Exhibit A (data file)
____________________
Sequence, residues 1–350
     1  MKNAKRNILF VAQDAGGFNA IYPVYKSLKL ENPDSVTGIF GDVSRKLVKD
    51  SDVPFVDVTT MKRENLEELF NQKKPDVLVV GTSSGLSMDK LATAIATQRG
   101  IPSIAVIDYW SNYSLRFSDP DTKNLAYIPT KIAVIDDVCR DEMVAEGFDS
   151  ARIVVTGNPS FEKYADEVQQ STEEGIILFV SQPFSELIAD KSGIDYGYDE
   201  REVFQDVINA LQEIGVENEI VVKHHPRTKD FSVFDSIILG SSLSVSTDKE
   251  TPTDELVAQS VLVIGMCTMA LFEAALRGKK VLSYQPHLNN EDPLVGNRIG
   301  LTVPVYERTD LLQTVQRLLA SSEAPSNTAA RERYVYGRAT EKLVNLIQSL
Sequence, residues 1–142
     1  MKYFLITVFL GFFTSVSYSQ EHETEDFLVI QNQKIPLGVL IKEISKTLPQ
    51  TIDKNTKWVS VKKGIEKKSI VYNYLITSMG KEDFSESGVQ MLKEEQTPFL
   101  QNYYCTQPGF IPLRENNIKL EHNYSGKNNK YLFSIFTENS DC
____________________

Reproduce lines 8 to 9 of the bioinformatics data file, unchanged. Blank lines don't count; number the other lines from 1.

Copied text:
   301  LTVPVYERTD LLQTVQRLLA SSEAPSNTAA RERYVYGRAT EKLVNLIQSL
Sequence, residues 1–142